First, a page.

While raising baby rabbits, it’s very fun to watch the tiny kits grow in the nestbox, and then turn into delightful fluffballs at three and four weeks of age.
Baby rabbits generally stay in the nestbox for the first two weeks of life.
The doe takes care of them, and you take care of the doe. See Care of Baby Rabbits for more detail about taking care of your baby rabbits when they’re first born, up to fourteen days old or so.
At about 14 days of age, the nestbox should come out of the cage. By then the kits are hopping out on their own, and leaving the nest box in the cage for too much longer can contribute to health threats such as infections and conjunctivitis.
Between 2 weeks of age and weaning - anywhere between 5 weeks (probably too early) and 8 weeks (maybe too old) - the kits sleep a lot, eat a lot, and grow like crazy.
The breeder’s job during this fun stage of raising baby rabbits is to:
Kits grow at different rates, even in the same litter. But having 24/7 access to hay and pellets
means that the little runt that was pushed away from the teat in the nestbox now
has a chance to catch up with the rest of the litter. By 6 weeks old or a little older, you might not be able to tell
him apart by size alone.
Raising baby rabbits is the most fun at this age. Little 3-week-old kits are incredibly cute. Little fuzzballs, they zip around the cage, and then curl up with their littermates and knock out again for yet another nap in the hay.
But raising baby rabbits finally gets old for the doe, and she decides she’s done with the pesky kits.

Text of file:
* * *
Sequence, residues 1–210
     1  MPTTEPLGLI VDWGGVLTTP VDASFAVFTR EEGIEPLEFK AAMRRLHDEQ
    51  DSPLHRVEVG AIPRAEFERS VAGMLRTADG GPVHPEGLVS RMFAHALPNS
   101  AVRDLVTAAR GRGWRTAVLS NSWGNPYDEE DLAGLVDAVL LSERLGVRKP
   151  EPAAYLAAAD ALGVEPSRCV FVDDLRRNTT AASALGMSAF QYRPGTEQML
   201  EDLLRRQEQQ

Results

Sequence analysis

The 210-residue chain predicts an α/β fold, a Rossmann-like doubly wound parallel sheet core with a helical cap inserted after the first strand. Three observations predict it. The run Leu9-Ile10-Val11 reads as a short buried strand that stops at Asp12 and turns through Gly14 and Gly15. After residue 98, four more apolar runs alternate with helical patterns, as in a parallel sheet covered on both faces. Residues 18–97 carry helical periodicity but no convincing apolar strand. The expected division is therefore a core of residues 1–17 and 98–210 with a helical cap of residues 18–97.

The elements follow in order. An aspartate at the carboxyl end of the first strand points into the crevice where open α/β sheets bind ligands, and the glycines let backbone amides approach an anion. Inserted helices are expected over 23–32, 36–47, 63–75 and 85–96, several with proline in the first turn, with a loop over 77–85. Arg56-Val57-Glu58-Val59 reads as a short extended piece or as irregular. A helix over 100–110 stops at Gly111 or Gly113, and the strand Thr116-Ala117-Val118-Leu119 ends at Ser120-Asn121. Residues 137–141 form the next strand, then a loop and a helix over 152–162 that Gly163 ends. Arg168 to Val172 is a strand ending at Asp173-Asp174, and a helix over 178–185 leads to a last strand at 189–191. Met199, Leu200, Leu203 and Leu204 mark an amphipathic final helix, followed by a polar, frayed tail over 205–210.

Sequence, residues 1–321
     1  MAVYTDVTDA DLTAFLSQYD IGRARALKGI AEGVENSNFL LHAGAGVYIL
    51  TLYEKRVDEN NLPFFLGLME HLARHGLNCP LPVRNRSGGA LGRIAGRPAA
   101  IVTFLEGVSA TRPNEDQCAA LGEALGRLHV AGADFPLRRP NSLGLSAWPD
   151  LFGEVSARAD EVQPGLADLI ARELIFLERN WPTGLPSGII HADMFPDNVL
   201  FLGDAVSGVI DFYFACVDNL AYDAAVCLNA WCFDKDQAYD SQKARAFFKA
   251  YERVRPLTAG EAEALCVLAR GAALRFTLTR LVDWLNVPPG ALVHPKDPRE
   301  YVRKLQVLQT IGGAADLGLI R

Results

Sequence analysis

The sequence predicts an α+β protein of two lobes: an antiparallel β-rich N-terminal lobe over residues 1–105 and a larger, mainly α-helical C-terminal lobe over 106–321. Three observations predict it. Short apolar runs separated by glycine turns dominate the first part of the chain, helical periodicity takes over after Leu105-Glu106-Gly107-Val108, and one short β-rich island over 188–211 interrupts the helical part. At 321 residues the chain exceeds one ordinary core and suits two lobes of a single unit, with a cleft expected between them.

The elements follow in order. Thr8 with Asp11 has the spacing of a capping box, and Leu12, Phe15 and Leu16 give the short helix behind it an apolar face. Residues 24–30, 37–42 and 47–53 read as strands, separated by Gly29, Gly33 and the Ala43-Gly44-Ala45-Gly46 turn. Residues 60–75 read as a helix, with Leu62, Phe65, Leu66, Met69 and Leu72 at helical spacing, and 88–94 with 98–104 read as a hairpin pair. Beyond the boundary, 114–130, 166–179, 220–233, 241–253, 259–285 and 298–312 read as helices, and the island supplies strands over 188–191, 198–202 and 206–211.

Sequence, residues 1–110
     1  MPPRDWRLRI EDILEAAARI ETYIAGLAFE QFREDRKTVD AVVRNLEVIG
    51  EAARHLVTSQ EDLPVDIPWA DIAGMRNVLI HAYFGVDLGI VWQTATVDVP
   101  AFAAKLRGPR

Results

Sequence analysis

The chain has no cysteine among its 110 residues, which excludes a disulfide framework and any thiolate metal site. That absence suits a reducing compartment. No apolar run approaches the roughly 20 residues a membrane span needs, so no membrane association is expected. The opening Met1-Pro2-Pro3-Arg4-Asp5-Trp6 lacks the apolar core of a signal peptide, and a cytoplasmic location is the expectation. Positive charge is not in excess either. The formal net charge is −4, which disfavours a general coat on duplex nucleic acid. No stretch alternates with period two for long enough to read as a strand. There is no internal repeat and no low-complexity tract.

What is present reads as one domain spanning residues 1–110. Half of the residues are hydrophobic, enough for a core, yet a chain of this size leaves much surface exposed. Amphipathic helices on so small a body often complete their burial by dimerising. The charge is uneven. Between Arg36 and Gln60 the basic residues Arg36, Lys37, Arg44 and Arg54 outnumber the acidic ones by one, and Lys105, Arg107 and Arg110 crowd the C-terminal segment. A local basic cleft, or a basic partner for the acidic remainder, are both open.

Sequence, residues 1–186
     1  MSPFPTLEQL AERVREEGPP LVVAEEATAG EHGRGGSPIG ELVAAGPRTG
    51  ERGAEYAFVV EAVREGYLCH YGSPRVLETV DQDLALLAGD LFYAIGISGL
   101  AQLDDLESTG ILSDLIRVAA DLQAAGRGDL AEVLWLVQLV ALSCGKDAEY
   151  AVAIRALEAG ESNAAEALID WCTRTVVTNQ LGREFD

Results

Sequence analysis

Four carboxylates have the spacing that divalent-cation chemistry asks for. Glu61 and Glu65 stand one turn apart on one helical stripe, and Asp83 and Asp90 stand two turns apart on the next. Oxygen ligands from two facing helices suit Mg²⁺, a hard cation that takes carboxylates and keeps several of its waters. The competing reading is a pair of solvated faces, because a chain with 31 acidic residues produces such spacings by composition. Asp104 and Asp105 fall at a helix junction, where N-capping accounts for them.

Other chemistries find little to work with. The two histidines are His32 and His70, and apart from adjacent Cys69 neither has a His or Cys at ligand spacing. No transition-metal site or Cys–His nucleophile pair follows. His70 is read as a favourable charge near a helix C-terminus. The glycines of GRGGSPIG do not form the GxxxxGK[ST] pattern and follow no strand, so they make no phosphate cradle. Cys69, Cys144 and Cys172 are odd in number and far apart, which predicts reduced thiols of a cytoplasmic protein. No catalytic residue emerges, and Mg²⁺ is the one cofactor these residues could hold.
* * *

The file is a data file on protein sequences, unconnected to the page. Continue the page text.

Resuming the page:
If she were on her own in the wild, she would already be bred one or two days after the birth of the litter. She would HAVE to abandon the kits at 3 1/2 or 4 weeks of age in order to go dig a fresh burrow, in order to kindle her next litter just a few days after weaning.
More than once I've reached into a doe's cage and patted her after
discovering her new litter. The doe
immediately lifted her rump. This behavior signifies readiness to breed again, even though the litter is just hours old.
This basic drive to breed and rebreed in succession still resides in her genetic makeup, though since we don't breed our does on day 1 after kindling, the primal drive may not push her to wean her kits as hard as if she had been bred.
When the doe weans her kits, she doesn't permit them to nurse. She will continually move away from their searching faces. If she gets exasperated, she'll push them aside, or even nip them or chase them away from her.
The only absolute prerequisite for weaning is: the kits need to be able to reliably and completely feed themselves.
The kits can feed themselves reliably by 4 weeks of age.
But, weaning can be stressful to the kits. And if done without sufficient consideration, the stress can result in a potentially fatal enterotoxemia. This is why breeders do not typically wean as early as 4 weeks of age. An extra 1 to 2 weeks does wonders for their ability to withstand the stress of weaning without getting sick.
On the other hand, it is also a temptation to leave the bunnies too long with the doe. Allowing more than 8 weeks before weaning is not necessary.
So, when is it weaning time for baby rabbits?
See Weaning Rabbits for more info on the weaning process and how to minimize weaning stress.
Below: Just before snapping this photo, we permanently removed the dam from the cage, thereby physically weaning these nearly 7 week old bunnies.
7-9 weeks is an excellent age to put a permanent identifying tattoo into the kits’ left ears. In the United States, it is always the left ear. The right ear is reserved for registration. Other nations may have other practices and guidelines.
8-12 weeks of age is market age for fryer rabbits.
By 9-10 weeks old, your bunnies should be separated into their own cages so they can grow out a bit. The more they grow, the better you’ll be able to recognize the animals you wish to assign to your own breeding program.
Enjoy raising baby rabbits!